Silence is rarely appreciated by the silent. Creators want to create; writers want to write; the opinionated want to speak their mind. There seems to be a fear that if we remain silent, if we fail to produce, that we are failures; we have accomplished nothing. To many, it is a cultural assumption that what matters most is the final results of our efforts, but inherent within this cultural assumption is that our results must be achieved by busyness and our waymarks must consistently show progress. We must be loud, we must be busy, never silent. We are in an impatient culture and apply that very impatience to ourselves.
The fields of our imagination are plowed and planted. Let the fields lie fallow a little while. Let go. Be unafraid of silence.
I have been afraid more often than I like to talk about, afraid to allow myself to be forgotten by others, afraid to allow my opinion to go unheard, my story to go untold. I have been afraid of the silence, of the failure to produce, of the failure. But silence is a virtue. "Even a fool, when he holdeth his peace, is counted wise: and he that shutteth his lips is esteemed a man of understanding."1 Silence is an opportunity for us to grow.
Creation is an act of the subconscious. The mind is a tremendous and wonderful thing. It can take the things we learn from every field, every activity, every moment and weave a wealth of new creations in every aspect of our lives. We are informed by so much more than we give credit to, both our interests and our skillsets, the things we glean and the things we dig our hands and hearts into. But not the things we speak. These things we speak are the harvest of a fruitful planting, the time we spend immersed and working without deeming our work complete, sometimes with very little to show for our efforts.
A psychology professor named Brian Bates once ran a survey of some of the most creative architects in the field.2 He identified two keys to their creative genius with significance to all creators: immersion and delayed decisions. "They deferred making decisions as long as they could."3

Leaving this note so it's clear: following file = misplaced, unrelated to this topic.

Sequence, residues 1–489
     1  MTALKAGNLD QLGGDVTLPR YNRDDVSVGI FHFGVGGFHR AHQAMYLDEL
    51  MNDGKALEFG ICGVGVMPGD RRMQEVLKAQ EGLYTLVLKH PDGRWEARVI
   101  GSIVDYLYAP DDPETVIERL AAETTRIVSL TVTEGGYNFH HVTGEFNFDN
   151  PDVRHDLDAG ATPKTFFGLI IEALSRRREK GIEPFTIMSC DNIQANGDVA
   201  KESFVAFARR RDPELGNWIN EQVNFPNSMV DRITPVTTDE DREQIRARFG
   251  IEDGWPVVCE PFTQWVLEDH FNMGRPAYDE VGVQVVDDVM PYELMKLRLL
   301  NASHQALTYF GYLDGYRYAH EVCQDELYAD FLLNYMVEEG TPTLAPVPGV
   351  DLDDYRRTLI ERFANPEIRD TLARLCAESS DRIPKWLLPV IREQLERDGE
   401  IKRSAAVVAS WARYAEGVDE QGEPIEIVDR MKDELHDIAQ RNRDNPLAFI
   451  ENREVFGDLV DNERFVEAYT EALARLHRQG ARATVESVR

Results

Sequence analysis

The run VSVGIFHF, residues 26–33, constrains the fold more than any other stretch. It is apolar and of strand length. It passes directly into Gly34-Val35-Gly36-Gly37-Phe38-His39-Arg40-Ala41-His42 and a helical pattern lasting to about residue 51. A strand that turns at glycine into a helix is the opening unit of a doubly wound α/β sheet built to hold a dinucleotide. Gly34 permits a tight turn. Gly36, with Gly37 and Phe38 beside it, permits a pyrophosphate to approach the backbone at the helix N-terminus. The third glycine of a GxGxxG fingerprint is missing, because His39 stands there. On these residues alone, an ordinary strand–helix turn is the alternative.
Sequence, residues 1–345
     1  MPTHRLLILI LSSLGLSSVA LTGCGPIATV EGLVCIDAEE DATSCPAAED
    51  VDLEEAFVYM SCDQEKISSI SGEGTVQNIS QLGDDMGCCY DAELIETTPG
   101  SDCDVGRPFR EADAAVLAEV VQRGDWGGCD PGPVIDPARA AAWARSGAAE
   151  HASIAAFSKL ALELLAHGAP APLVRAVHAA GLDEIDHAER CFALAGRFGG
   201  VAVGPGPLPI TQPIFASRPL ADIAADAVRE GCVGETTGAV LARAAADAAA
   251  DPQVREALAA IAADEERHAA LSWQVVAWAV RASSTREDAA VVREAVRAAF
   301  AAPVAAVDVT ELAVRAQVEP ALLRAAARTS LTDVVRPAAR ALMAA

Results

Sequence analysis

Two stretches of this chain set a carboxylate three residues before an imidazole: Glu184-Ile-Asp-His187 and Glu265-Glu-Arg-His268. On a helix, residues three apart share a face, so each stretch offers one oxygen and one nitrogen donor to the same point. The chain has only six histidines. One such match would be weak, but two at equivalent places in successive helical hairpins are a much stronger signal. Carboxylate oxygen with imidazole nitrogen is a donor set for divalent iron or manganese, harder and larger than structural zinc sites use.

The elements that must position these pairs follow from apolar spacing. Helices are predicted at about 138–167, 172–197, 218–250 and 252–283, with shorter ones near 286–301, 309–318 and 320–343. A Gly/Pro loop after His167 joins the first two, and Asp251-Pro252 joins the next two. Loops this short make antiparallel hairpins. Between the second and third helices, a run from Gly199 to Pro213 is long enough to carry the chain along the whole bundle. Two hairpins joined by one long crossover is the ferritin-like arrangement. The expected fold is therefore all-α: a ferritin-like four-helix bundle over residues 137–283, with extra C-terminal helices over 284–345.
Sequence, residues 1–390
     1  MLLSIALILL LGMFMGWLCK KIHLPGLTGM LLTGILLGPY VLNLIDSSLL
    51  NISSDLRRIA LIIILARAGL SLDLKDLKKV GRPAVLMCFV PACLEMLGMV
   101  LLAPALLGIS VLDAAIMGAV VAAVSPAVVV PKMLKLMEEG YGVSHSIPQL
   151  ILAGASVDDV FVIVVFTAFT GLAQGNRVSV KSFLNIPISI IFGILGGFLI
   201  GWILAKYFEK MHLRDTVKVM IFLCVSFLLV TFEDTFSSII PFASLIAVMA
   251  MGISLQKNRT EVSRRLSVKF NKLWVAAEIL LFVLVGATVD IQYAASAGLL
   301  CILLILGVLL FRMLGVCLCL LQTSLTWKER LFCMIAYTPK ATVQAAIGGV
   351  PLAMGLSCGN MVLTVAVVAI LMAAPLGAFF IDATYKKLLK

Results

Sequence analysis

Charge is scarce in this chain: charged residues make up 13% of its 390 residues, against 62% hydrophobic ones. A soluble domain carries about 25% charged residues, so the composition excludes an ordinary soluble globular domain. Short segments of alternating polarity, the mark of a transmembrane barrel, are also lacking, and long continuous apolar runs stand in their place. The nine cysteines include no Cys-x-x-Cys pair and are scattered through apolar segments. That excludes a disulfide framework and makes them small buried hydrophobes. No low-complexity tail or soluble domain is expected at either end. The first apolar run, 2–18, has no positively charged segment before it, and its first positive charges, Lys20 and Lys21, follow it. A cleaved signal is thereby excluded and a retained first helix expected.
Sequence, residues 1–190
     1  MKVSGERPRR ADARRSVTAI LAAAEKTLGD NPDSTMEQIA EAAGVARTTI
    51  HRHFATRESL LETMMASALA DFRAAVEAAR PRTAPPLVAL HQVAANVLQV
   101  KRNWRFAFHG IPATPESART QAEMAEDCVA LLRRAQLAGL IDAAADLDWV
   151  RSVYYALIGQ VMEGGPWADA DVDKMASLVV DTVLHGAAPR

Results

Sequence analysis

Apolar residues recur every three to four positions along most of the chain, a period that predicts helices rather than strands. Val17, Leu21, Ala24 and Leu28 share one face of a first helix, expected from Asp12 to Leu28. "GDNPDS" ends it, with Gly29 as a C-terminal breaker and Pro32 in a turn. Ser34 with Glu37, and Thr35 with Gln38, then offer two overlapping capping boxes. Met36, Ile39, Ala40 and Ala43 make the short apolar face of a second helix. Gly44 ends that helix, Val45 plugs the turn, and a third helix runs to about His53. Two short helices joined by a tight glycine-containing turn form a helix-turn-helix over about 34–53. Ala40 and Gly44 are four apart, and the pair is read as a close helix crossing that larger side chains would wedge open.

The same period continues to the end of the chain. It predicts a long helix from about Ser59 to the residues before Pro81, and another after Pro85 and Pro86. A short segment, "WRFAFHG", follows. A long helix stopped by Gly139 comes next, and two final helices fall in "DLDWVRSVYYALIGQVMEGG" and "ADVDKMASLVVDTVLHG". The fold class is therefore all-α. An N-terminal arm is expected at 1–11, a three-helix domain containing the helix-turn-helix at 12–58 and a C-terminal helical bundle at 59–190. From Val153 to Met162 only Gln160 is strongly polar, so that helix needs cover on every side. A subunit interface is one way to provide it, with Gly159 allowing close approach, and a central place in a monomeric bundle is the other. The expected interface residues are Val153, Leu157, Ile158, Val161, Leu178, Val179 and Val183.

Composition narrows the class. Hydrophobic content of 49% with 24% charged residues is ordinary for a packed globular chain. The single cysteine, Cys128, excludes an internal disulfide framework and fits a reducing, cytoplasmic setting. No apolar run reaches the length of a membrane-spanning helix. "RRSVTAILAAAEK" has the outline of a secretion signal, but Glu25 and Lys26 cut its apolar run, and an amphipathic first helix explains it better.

Immersion into the creative process demands a letting go of finality, an opportunity for many parts to flow together until they coalesce and blend and merge and become threads of a single whole. It demands a failure to resolve and instead to follow each potentiality to its fullest realms of possibility. Each final decision you make reduces the number of possibilities.
Creativity is not as much like baking as so many of us assume. Creation does not happen in a vacuum. It is more like stone soup, where new ingredients are added continually, percolating together into something richer and more flavorful than it would otherwise be.
When you first encounter an idea, it encounters every previously relevant thread that has been woven into your life and mind, and it is tempting to immediately share the instant opinions that form. But wait a little while and allow those ideas to compound, to become more than a sum of their parts. Share from the fulness of your heart rather than from the half-formed ideas of your mind.
When most of us have a problem that’s a little bit unresolved, we’re a little bit uncomfortable. We want to resolve it. The creative architects had this tolerance for this discomfort we all feel when we leave things unresolved. ~ John Cleese
If I am quick to speak and slow to listen, I will never learn and outgrow this pot I've planted myself in. I must listen and develop and create inside my mind before I can create in this outward world, and truly, in so many ways it is more satisfying to bring to fruition the fullness of my vision, as taking the time to create a meal is more satisfying to me than simply eating a grab-and-go snack or prepackaged dish.
Percolation is an active process: tasting, seasoning, playing with ideas. Draw out a bowl every so often, and enjoy the fruits of your labor. Songs and stories and articles have often emerged from the same well. Create fresh from the stores, but do not stop percolating, do not stop allowing those ingredients to continue to simmer. We must learn to know when the soup is ready.
I have created short works of fiction and music from one idea, then later created new, richer, deeper works that more fully articulate the range of what I desired to express. I have taken a recipe I love and developed it into new and better creations or ones more suited to a different need. When I was told that I should turn a short story into a longer work, I agreed but left the piece alone. It was effective and lovely as it stood. I was silent. In time, new threads wove themselves into my pattern, new patterns emerged, and at last, a new tapestry was born.
The fear of imperfection or incompletion so often stems from the need to prove ourselves to the world around us. This is so detrimental to essential creativity, which comes from our own hearts and passions and not the approval of others.
Have nothing to prove. Create because you love to create. Create because if someone somewhere will be blessed by what you say, what you write, what you paint, what you compose, that person deserves their blessing.
- Proverbs 17:28 KJV ↩
- "4 Lessons In Creativity From John Cleese" by Rae Ann Fera ↩
- John Cleese, ibid. ↩